Pine Island Glacier, Antarctica, is the focus of a large observational effort to better understand how glaciers and floating ice shelves interact with the ocean.
Pine Island Glacier (view is to the north, ocean in the top left) with crevasses and large crack extending from the east (right) to the west (left) as seen from aboard NASA's DC-8 research aircraft in October 2011. Credit: Michael Studinger/NASA
Scientists, pilots, technicians, and students working with NASA’s IceBridge and NSF’s Antarctic programmes tried hard for several years now to reach this glacier, set up a base, and drill through the 400-600 m thick ice shelf to reach the ocean. The data from these gargantuan efforts will reveal physics of ice-ocean interactions. This process is poorly represented in the climate models that are used to project past and present climates into the future. Harsh and hostile conditions cut these efforts short today, again, as reported by OurAmazingPlanet.
The expedition leader, NASA’s Dr. Bindschadler wrote today, that
A decision had been made by NSF the day we left McMurdo that if the helos were not able to be flown to PIG by Saturday, January 7, this year’s field work would be cancelled … We worked through our cargo—some had not been seen for two years when we tested our equipment at Windless Bight—preparing for either helos or the Twin Otter to start moving us onto the ice shelf. Neither came. Weather worsened.
Despite this dramatic turn of events, skies were clear over Pine Island Glacier today as they on New Year Jan.1, 2012. Two MODIS images show detailed features at 250-m resolution. I here show the near infra-“red” signals that the satellite receives (865 nm). The dark ocean reflects little of red (low reflectance) as it is all absorbed while the bright snow and ice reflects lots of red (high reflectance). Recall that the color “white” looks white, because it reflects all colors into our eyes including red, while “black” absorbs all colors, so none are left to reach our eyes.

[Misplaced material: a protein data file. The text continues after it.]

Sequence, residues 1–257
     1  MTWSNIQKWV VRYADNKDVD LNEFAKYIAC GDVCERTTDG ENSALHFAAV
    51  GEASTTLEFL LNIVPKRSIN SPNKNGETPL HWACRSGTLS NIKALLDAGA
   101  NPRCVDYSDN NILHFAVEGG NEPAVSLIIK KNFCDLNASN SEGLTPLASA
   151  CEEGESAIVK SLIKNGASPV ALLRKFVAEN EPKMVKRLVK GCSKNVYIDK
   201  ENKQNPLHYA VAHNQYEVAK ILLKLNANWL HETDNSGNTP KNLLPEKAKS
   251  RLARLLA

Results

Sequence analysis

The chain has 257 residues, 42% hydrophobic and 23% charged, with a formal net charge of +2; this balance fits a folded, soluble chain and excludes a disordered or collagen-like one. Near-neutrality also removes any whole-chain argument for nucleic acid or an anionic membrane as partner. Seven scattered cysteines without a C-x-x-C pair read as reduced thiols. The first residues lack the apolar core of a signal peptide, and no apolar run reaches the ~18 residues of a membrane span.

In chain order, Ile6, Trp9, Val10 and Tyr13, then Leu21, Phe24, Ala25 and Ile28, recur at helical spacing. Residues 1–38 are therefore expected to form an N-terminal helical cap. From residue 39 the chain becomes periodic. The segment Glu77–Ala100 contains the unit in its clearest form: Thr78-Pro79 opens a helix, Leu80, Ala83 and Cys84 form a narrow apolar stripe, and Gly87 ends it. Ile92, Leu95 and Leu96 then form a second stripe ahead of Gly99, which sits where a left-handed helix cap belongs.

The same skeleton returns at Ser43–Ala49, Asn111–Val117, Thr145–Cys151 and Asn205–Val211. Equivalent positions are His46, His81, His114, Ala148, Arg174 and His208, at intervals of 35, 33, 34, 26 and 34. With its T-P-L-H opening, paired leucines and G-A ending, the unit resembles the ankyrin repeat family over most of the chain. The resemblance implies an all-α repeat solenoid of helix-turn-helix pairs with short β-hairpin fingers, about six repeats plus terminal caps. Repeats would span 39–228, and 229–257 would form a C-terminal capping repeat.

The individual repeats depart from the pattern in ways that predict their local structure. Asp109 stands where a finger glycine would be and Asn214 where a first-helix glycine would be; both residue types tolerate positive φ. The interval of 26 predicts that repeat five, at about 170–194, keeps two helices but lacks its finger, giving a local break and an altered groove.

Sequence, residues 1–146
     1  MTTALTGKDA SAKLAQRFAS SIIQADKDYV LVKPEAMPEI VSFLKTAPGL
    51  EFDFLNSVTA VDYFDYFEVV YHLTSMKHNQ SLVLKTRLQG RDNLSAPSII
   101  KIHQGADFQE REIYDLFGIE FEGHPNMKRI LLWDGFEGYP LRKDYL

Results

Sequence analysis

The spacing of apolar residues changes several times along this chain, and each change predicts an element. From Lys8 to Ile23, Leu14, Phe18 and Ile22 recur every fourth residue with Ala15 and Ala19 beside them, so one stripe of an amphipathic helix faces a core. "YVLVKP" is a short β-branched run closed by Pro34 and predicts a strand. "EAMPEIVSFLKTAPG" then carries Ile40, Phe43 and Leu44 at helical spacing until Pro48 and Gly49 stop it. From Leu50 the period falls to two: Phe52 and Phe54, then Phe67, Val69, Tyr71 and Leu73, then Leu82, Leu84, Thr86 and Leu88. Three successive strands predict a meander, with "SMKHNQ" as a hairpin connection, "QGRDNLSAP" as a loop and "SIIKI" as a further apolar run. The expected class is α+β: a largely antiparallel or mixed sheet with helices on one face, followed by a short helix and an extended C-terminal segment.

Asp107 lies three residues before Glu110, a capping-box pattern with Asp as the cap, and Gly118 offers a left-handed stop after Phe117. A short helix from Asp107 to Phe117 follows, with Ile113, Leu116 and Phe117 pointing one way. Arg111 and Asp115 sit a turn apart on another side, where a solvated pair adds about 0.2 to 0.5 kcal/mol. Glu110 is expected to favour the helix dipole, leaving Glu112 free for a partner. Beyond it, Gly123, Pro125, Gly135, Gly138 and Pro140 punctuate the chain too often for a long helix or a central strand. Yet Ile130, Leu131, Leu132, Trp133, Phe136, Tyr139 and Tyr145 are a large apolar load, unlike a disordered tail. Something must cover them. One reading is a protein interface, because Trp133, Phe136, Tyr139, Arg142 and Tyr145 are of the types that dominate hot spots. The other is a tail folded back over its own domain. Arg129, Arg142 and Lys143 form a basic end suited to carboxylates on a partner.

Pine Island Glacier and Bay, Antarctica on Jan.-1, 2012 as seen by MODIS Terra, notice the whitish crack near the center of the image.
I show lots of the near infra-“red” as, well, red, and I color little red as blue. I chose the colors of the “crayons” to do the coloring. The technical term for this is contouring. Formally, I am depicting a function f=f(x,y) where f is the amount of red and x and y are locations east and north, respectively.
Pine Island Glacier and Bay, Antarctica on Jan.-12, 2012 as seen by MODIS Terra, notice the whitish crack near the center of the image.
They almost look the same, don’t they? If they were identical, then the difference would get zero. Except, glaciers move, especially this one. It is also about to spawn a large ice island. A crack was first reported in Oct.-2011 by scientists aboard a DC-8 of a NASA Icebridge flight. This crack is also widening as, I speculate, the front moves faster seaward of the crack than it does landward. My question is if I can see movements in these easily accessible public MODIS images. And my first answer, to be refined later, is 80 meters per day plus or minus 50%:
Difference of reflectance by subtracting Jan.-1 reflectances from those on Jan.-12, 2012. Very dark red colors show large positive numbers, meaning that the ice occupies a place on Jan.-12 that was water on Jan.1.
I am neither a glaciologist nor a remote sensing person, so I may be running a few red lights differencing two images and assign meaning to it. For example, I estimate the speed at which the front of the glacier moves by dividing the width of the very dark thick red line (about 1 km wide) by 12 days to get 80 meters per day or 3.5 meters per hour. The error here is at least 2 pixels (500-m), about half the estimated speed. My assumption here is that the high reflectance on Jan.-12 at a location with a low reflectance on Jan.1 means that the “bright” glacier has moved to a place that was “dark” ocean before. There is more to this, but I have to start somewhere.
Incidentally, Dr. Bindschadler, the leader of the current Pine Island field project who had to leave the base camp near Pine Island Glacier today, is the very person who wrote a wonderful peer-reviewed paper in 2010 with the title “Ice Sheet Change Detection by Satellite Image Differencing.” I will need to study it more closely … along with the vagarities of field work in polar regions.
It is difficult to get data from the field as opposed to data from remote sensing or modeling. This is especially true for remote and hostile locations the ice and the oceans interact. It is frustrating to be sent home early because of inclement weather and the very narrow window of opportunity when the few available helicopters and planes can fly or the ships can sail near Antarctica and Greenland.
EDIT Jan.-13: The National Snow and Ice Center estimated speeds of Pine Island Glacier as determined from two LandSat images from 1986 and 1988:
Contours of glacier speeds in meter per year of Pine Island Glacier from 1986 and 1988 LandSat Imagery, National Snow and Ice Center
These speeds are very different, 2-3 km per year versus 1 km in 12 days. The former estimate is made from 2 carefully geolocated images 2 years apart without a crack across the floating glacier, while my estimate yesterday is more noisy, but it is for a segment of the glacier that is barely connected to it. Perhaps we should consider the segment seaward fo the crack a separate ice island that is moving with the ocean rather than the glacier?